Recommendation #3: Employers should develop a written comprehensive safety program that includes job hazard analyses.

Discussion: A comprehensive safety program should identify and reduce or eliminate worker exposure to hazardous situations and provide proper training to help workers do their job safely and efficiently. Employers should review each job or task to determine the extent and significance of work site and equipment hazards and consider the types of safety precautions promote safe work practices.

Employers should also consider conducting random work site safety inspections to evaluate compliance with and understanding of established safety policies and practices. While employees have the right to question the safety of any task, they are responsible for following the practices outlined by their employer’s safety program. In addition to specific safe practices, steps should be outlined and discussed with employees for noncompliance with an established safety program.

Recommendation #4: Employers should ensure all workers are given initial hire safety and health orientation that encompasses their duties and general worksite safety and that they are able to recognize and avoid hazardous situations.

Discussion: In this incident, new hire employees were given a safety orientation and copies of the written safety rules and company safety policy and practices. However, the materials did not address specific practices of individual positions, such as use of all-terrain vehicles at the worksite. It would be helpful to both the employee and the employee’s supervisor to use a position specific orientation checklist to ensure that unsafe activities are avoided.

Recommendation #5: Employers should ensure that workers are knowledgeable of proper emergency response actions when responding to a medical emergency or an injury scene near downed power lines and should never assume downed power lines and surrounding ground are de-energized.

Discussion: While basic skill in first aid and life support can reduce suffering and introduce measures to retard degenerative health condition(s) of a seriously injured person, hazards due to a nearby energy source may cause injury or death to persons attempting to render aid. Responders must always assess the scene first to identify any hazards to themselves and the victim. Never use touch to determine whether a person or equipment is energized.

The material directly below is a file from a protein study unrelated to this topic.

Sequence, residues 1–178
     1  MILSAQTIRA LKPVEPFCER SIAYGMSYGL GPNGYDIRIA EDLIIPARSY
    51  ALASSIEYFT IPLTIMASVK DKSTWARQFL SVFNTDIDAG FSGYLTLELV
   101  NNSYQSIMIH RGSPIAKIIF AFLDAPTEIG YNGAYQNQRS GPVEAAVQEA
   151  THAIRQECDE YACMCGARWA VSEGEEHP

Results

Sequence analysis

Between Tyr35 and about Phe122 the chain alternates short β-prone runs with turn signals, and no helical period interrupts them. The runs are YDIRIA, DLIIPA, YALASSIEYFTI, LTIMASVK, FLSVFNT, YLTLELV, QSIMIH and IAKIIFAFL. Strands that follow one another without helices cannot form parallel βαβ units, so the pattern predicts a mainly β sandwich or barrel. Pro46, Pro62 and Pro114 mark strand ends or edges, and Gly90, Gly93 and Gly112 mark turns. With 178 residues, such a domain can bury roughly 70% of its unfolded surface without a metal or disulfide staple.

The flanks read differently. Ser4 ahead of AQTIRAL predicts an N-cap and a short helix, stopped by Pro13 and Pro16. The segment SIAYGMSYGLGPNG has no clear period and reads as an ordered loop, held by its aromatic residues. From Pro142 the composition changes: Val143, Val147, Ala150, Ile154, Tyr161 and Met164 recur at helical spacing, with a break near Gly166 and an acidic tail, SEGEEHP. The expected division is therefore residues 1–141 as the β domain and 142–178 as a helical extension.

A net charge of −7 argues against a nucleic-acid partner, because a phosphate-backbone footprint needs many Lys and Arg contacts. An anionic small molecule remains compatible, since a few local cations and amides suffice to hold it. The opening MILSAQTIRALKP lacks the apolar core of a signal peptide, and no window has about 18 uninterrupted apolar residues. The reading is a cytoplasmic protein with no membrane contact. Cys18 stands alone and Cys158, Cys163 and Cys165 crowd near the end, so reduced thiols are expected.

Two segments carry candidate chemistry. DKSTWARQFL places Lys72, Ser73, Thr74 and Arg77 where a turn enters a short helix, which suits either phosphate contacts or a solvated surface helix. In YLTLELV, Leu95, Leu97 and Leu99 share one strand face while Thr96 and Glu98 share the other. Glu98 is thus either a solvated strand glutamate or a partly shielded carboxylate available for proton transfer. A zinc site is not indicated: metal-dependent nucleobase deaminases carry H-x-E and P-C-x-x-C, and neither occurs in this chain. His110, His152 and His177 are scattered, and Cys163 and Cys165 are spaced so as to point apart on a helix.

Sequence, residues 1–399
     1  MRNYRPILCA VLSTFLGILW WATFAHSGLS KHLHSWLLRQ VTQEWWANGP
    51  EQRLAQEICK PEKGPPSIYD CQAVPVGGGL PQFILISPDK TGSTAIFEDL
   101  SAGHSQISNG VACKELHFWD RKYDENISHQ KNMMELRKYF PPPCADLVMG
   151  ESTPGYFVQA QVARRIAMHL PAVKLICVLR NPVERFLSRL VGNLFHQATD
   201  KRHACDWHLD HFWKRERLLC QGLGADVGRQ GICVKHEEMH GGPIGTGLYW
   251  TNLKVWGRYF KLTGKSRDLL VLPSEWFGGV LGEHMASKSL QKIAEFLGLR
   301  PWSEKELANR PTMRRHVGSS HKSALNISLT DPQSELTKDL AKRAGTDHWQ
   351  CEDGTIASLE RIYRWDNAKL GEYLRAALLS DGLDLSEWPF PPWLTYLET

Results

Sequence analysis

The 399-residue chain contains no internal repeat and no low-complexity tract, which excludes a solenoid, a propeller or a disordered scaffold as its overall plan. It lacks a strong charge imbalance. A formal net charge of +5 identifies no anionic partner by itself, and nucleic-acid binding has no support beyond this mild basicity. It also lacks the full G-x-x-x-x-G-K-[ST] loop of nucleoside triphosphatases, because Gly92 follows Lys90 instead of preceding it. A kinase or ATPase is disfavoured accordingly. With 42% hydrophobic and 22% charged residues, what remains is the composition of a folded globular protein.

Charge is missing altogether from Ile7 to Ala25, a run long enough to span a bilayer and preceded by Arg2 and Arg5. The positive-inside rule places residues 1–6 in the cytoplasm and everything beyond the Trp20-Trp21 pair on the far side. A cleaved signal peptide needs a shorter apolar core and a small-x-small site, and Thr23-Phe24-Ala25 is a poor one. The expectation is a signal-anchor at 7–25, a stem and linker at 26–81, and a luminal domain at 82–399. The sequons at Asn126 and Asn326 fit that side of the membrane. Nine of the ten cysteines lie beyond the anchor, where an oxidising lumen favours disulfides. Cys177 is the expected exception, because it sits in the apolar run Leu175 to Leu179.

Workers should also be made aware that a power line might only be temporarily de-energized due to a sensor switch that opens immediately following an incident to a line. Automatic reclosure mechanisms at nearby power stations may attempt to re-energize line. In addition, electrical charge from power lines lying on the ground (either intact, broken, or burned) can potentially travel through the ground, causing shock and injury. Until the energy source has been confirmed as isolated or de-energized, a 10-foot safety zone should be maintained to prevent additional injuries.

Fatality Assessment and Control Evaluation (FACE) Project

The Alaska Division of Public Health, Section of Epidemiology performs Fatality Assessment and Control Evaluation (FACE) investigations through a cooperative agreement with the National Institute for Occupational Safety and Health (NIOSH), Division of Safety Research (DSR). The goal of these evaluations is to prevent fatal work injuries in the future by studying the working environment, the worker, the task the worker was performing, the tools the worker was using, the energy exchange resulting in fatal injury, and the role of management in controlling how these factors interact.

To contact Alaska State FACE program personnel regarding State-based FACE reports, please use information listed on the Contact Sheet on the NIOSH FACE web site Please contact In-house FACE program personnel regarding In-house FACE reports and to gain assistance when State-FACE program personnel cannot be reached.